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Wed, 18 Jan 2017 00:36:13 -0800

On Wed, Jan 18, 2017 at 1:58 AM, <>

> 2017-01-17 22:13 GMT+01:00 Nadav Har'El <>:
>> On Tue, Jan 17, 2017 at 7:18 PM, <>
>> wrote:
>>> Hi Nadav,
>>> I may be wrong, but I think that the result of the current
>>> implementation is actually the expected one.
>>> Using you example: probabilities for item 1, 2 and 3 are: 0.2, 0.4 and
>>> 0.4
>>> P([1,2]) = P([2] | 1st=[1]) P([1]) + P([1] | 1st=[2]) P([2])
>> Yes, this formula does fit well with the actual algorithm in the code.
>> But, my question is *why* we want this formula to be correct:
>> Just a note: this formula is correct and it is one of statistics
> fundamental law: +


Yes, of course the formula is correct, but it doesn't mean we're not
applying it in the wrong context.

I'll be honest here: I came to numpy.random.choice after I actually coded a
similar algorithm (with the same results) myself, because like you I
thought this was the "obvious" and correct algorithm. Only then I realized
that its output doesn't actually produce the desired probabilities
specified by the user - even in the cases where that is possible. And I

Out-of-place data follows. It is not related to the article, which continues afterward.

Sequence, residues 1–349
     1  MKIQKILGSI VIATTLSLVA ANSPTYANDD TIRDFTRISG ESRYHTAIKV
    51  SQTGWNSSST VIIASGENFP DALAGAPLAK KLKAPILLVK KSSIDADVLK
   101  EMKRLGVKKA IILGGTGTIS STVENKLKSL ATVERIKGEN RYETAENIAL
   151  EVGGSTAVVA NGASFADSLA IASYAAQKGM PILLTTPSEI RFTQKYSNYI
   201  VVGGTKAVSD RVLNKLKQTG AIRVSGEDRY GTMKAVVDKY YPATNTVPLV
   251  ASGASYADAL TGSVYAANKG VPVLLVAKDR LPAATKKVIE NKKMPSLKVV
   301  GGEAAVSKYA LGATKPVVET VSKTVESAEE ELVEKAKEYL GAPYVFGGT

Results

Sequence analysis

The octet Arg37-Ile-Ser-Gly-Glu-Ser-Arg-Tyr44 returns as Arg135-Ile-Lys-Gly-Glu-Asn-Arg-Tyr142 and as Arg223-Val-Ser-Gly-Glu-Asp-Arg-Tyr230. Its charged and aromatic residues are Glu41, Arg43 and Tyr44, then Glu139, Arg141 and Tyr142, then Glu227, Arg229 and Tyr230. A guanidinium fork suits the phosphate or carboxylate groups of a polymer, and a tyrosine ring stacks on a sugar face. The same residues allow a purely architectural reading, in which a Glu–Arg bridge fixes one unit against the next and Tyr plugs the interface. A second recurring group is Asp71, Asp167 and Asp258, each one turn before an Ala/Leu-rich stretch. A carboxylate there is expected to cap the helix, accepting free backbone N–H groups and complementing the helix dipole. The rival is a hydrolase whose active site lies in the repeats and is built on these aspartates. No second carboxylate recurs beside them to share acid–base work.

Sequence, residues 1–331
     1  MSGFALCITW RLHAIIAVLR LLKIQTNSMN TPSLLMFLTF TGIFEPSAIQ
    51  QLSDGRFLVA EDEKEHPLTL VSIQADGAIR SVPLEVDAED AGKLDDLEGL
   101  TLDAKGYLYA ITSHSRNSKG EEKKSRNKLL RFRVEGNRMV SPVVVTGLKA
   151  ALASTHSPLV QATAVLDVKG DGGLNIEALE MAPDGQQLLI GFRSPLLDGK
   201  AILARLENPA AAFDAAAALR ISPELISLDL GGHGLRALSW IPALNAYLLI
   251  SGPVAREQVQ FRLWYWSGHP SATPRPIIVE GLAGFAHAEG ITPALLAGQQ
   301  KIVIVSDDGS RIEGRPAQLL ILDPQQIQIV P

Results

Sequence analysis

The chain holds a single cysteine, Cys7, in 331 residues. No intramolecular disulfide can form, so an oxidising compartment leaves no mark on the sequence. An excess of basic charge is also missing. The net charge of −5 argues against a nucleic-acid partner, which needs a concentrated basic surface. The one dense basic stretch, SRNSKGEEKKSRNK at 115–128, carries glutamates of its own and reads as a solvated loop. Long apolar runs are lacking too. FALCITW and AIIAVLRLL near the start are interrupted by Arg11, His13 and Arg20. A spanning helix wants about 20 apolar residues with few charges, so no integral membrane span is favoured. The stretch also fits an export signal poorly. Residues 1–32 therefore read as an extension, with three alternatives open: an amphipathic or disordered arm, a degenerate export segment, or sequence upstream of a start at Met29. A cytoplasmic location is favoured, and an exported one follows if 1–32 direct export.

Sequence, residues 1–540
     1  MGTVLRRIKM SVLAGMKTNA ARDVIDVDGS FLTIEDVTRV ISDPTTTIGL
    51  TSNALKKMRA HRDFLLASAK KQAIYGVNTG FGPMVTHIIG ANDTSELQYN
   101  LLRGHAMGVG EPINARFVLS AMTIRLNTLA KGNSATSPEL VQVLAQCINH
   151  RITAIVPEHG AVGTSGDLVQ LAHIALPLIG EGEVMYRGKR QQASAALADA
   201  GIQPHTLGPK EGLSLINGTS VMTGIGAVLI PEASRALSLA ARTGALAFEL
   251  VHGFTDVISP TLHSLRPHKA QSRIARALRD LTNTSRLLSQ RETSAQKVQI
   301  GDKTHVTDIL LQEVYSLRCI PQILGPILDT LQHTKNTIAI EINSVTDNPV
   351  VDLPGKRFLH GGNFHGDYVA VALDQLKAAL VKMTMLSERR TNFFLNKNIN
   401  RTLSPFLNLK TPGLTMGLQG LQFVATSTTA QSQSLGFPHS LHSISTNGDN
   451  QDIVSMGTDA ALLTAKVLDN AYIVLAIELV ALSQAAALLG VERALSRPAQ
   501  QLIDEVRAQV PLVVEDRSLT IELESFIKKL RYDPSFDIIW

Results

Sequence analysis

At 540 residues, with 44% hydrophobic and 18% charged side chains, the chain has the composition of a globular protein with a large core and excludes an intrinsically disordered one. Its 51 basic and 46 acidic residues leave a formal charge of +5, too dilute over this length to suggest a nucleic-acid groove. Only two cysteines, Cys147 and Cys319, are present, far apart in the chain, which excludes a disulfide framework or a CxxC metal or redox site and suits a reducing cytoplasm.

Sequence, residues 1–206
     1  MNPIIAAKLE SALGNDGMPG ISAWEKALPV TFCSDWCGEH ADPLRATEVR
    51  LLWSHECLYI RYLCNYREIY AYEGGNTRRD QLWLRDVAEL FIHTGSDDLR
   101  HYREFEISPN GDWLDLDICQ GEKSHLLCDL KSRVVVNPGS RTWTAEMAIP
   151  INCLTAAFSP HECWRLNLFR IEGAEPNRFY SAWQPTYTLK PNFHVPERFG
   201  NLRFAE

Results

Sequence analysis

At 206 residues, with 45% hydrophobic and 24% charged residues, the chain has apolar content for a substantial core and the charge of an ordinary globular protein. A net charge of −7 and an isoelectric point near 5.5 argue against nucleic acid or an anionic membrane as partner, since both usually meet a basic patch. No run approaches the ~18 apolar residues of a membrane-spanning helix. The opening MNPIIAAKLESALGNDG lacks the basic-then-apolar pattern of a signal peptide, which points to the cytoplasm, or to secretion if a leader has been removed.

started wondering if existing libraries - like numpy - do this differently.
And it turns out, numpy does it (basically) in the same way as my algorithm.

> Thus, the result we get from random.choice IMHO definitely makes sense.

Let's look at what the user asked this function, and what it returns:

User asks: please give me random pairs of the three items, where item 1 has
probability 0.2, item 2 has 0.4, and 3 has 0.4.

Function returns: random pairs, where if you make many random returned
results (as in the law of large numbers) and look at the items they
contain, item 1 is 0.2333 of the items, item 2 is 0.38333, and item 3 is
These are not (quite) the probabilities the user asked for...

Can you explain a sense where the user's requested probabilities (0.2, 0.4,
0.4) are actually adhered in the results which random.choice returns?

Nadav Har'El.
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